By Joy Hampton
The Norman Transcript
NORMAN — Court programs assist those who served America
Cleveland County officials want no veteran needing help to be left behind — even those who have had a brush with the law.
Veterans may come home to a hero’s welcome, but those happy homecomings don’t mean their lives will transition smoothly. Some veterans suffer from issues such as Post Traumatic Stress Disorder and depression.
The U.S. Dept. of Veterans Affairs, National Center for Veterans Analysis and Statistics estimates there are around 23 million veterans in the nation. Of those, some eventually come into conflict with the law and end up in jail and the court system. In response, veterans court programs have begun springing up to help veterans with mental health and substance abuse issues and to connect them with resources.
The first veteran’s court opened in Buffalo, N.Y., in 2008, according to the National Center for State Courts (ww.ncsc.org). Tulsa County’s Veterans Treatment Court was the first in Oklahoma and the third in the United States. Judge Sarah Day Smith called the initial Tulsa Veterans Treatment Court docket on Dec. 8, 2008. The program’s success is one many other counties and states want to emulate.
In August, officials from across the nation visited Tulsa to learn more about the program. Cleveland County is among those who hope to use Tulsa’s model in creating a local veterans court.
“What we’ve started to do is to identify them (veterans),” said Julia Curry, Oklahoma Court Services director. “A lot of guys had no idea there’s resources out there they might be eligible for.”
With the help of the Cleveland County Sheriff’s Office staff at the jail, Curry is identifying and contacting veterans who have been imprisoned. While an actual veterans court is at least 60 days down the road, Curry’s staff has already begun connecting veterans with resources through Veterans Corner and through the Office of Veterans Affairs, working with Joe Dudley, the veteran’s resource specialist.
The veterans treatment court in Tulsa County, after which Cleveland County’s will be modeled, is a collaborative effort among the 14th Judicial District Tulsa County Drug/DUI Court, U.S. Department of Veterans Affairs, Tulsa County District Attorney’s Office, Tulsa County Public Defender’s Office, Human Skills and Resource Supervision, Tulsa County Court Services, ACE Recovery Services and others.
The obstacle in Cleveland County is money.
“We have been part of the planning,” district attorney Greg Mashburn said. “The frustrating part is I don’t know if we’ll have the funding to do something like that. “
Mashburn said his office would have to add staffing to implement the program, but with current levels of funding, veterans court may not be possible.
Right now, Cleveland County has drug court, mental health court, community sentencing, juvenile drug court and a special domestic violence program, all of which require time from the DA’s staff.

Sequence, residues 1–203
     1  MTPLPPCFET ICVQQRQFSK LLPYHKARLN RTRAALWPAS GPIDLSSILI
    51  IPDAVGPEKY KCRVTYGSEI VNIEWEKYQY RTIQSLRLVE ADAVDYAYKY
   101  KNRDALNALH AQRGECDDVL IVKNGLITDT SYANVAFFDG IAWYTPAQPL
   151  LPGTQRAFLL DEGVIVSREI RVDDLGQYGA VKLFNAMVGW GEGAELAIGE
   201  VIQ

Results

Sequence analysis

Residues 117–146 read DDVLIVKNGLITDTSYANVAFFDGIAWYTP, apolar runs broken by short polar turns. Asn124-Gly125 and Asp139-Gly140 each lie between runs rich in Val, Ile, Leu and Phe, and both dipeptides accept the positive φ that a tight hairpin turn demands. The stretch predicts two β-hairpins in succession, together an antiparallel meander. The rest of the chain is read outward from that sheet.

“All of those services are still available to veterans,” Mashburn said. “Programs are available to them, they just don’t have a mentor that’s a veteran, but they do still qualify for those other programs.”
Cooperation and partnerships in Cleveland County are already bringing some assistance to the county’s incarcerated veterans. Curry said deputies at the jail have been a big help. The current database at the jail does not include information on veteran status, but deputies and staff are asking people being booked if they are veterans and are keeping a list.
Identification is the first step in seeing if a veteran qualifies for resources through Veterans Affairs or other sources.
Veterans court is similar to drug court and mental health court programs where nonviolent offenders are put through rigorous programs with phased levels of supervision and a host of support service to deal with the underlying issues that contributed to their criminal activity such as alcohol or drug abuse or mental health problems. Compliance with these programs is offered as an alternative to incarceration.
Veterans court will be voluntary as well.
“It’s a phased program like drug court with the addition of mentoring,” Curry said.
Mentors are vets who go through special training. They serve as counselors and friends, even attending court with their assigned veterans.
“It was fascinating to me to learn the value of that relationship,” Curry said.
Meanwhile, Curry said her staff is making sure the veterans currently in jail are getting connected with the resources currently available to them.
Military Times reported in 2011 that more than 50 veterans courts are been created since the first programs started in 2008. The programs help veterans regain the camaraderie and discipline they had during their terms of service in order to get their lives back on track and to integrate into the civilian world.
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